Illinois lawmakers – citing the state’s pension costs, budget shortfalls, and empty unemployment trust – are asking for more than $40 billion in no-strings-attached aid from the federal government.
In a letter to the state’s Congressional delegation, Senate President Don Harmon said Illinois state government is projecting significant budget shortfalls in the current, coming and preceding fiscal years.
“Illinois could see an estimated revenue loss of $14.1 billion for 2020-2021 due to this pandemic,” they said in the April 14 letter. “This loss would deplete approximately one-third of Illinois’ general funds in one fiscal year, significantly impacting state services and long-term obligations.”
The request is in addition to the funding the state is receiving through the CARES Act, which was passed by Congress and signed by President Donald Trump last month.
Harmon’s office wasn’t immediately available for comment on the request, but John Patterson, spokesman for state Senate Democrats, confirmed the letter in an email to The Center Square.
“Of note, the federal aid so far has been focused on direct COVID-19 costs,” Patterson said. “The massive, negative effect on state and local economies in Illinois and across America has not yet been addressed.mI’m not familiar with any similar efforts, but Illinois’ situation is not unique and I would expect most every state is doing something similar.”
Illinois’ five state pension systems are underfunded by at least $138 billion. Critics have been calling for significant pension reform for years, including a Constitutional amendment to change its pension protection clause.
In a “preliminary assessment” of aid, Harmon’s office lists off the requests:
• $15 billion in block grant funding to go directly into the state’s coffers. The letter says that would allow the state to address “unique needs” for the current fiscal year, fiscal 2021, and the beginning of fiscal 2022.
• $10 billion in state pension relief. The letter warns that Illinois’ $138 billion pension liability and $54 billion in future health care costs threaten to crowd out core services in a normal budget year but the loss of revenue combined with lower expected market returns could send the annual bill even higher. Harmon requests a direct cash injection as well as a low interest federal loan.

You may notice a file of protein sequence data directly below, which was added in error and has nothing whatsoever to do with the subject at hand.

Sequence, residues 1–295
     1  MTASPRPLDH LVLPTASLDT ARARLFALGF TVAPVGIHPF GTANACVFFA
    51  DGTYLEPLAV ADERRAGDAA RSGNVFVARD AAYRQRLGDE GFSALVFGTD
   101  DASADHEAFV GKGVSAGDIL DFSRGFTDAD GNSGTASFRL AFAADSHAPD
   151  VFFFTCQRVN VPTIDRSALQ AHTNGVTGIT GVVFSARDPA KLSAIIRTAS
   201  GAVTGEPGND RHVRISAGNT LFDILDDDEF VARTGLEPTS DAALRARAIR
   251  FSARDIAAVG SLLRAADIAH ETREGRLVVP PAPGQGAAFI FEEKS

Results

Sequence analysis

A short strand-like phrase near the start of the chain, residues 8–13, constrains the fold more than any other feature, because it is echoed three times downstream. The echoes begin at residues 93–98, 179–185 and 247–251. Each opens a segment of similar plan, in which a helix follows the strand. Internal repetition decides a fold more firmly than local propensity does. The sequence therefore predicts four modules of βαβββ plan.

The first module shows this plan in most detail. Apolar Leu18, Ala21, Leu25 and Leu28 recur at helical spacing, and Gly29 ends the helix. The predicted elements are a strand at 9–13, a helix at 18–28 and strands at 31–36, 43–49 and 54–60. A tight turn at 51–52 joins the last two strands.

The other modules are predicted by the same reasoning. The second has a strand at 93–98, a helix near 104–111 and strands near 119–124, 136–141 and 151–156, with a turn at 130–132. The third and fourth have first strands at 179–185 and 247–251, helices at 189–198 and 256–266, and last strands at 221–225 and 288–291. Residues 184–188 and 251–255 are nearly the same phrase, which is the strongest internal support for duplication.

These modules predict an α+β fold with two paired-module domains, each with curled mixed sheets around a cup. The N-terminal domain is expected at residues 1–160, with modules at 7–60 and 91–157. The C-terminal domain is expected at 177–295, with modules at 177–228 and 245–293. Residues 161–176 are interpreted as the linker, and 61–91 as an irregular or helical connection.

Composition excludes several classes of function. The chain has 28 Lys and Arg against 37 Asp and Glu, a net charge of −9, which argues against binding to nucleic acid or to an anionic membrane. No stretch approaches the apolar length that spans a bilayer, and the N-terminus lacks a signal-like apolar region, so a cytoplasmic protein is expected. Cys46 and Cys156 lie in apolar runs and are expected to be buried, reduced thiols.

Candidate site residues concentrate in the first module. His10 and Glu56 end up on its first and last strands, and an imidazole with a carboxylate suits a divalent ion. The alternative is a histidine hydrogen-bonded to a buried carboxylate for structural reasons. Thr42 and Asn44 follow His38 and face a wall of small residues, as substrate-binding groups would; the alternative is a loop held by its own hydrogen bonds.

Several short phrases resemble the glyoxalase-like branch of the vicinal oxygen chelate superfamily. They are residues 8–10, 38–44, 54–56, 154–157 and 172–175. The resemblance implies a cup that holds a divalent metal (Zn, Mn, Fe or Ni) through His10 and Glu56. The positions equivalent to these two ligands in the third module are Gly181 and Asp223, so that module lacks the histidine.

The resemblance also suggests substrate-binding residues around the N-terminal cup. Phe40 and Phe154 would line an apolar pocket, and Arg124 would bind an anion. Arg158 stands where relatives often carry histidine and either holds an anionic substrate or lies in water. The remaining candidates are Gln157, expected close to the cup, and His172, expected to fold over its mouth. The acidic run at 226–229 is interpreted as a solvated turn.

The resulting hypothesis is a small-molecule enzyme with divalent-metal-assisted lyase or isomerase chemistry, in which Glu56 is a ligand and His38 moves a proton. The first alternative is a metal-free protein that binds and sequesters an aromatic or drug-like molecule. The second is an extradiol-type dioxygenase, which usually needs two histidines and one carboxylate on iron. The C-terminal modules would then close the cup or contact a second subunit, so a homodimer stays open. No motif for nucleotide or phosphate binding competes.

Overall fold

• $6 billion in unemployment trust funds: Harmon asks that the federal government inject the state’s unemployment insurance trust to help keep checks going out to unemployed workers, especially now that they’re set to open up the program to gig workers in May who previously weren’t eligible. Illinois has one of the nation’s lowest-funded unemployment trust accounts in the U.S.
• Raise in federal medical help: While there’s no dollar amount tied to the request, Harmon is asking the feds to increase the Federal Medical Assistance Package to 65 percent, three percent higher than what it was in the wake of the Great Recession.
• Hardship payments to health care facilities: Harmon requests an additional hardship payment to hospitals, nursing homes, and health care facilities that he says “are waging war against an invisible enemy.”
• $1 billion in additional public health spending in disproportionately impacted communities. The ask says the pandemic has hit some communities worse than others with “lingering disparities in health conditions and access to care.” Statistics have shown that a high percentage of COVID-19 fatalities are from the black community.
• $9.6 billion in aid for municipalities: In concert with the Illinois Municipal League, Harmon says the state needs $9.6 billion to be sent directly to towns and cities. He says municipalities are on the front lines of the fight against the pandemic but “anticipate unbearable revenue losses as a result of the crisis.”
In a blog post, Illinois financial watcdogs and Wirepoints writers Mark Glennnon, the and Ted Dabrowski criticized the bailout request.
“Harmon and the Democratic caucus admit that even in a normal year pension costs at the state level are crowding out funding for services and programs, yet they show no intention whatsoever of making reforms to correct preexisting problems,” they said. “Instead, they seek $10 billion for state pensions alone. And the rationale for the $9.6 billion sought for municipalities is clear. Revenue losses resulting from the pandemic, their letter says, “will dramatically impact municipalities’ abilities to fund retirement systems.’
“Illinois government spent the last three decades creating the nation’s worst pension crisis. Now it wants taxpayers across the nation to bail it out,” they added.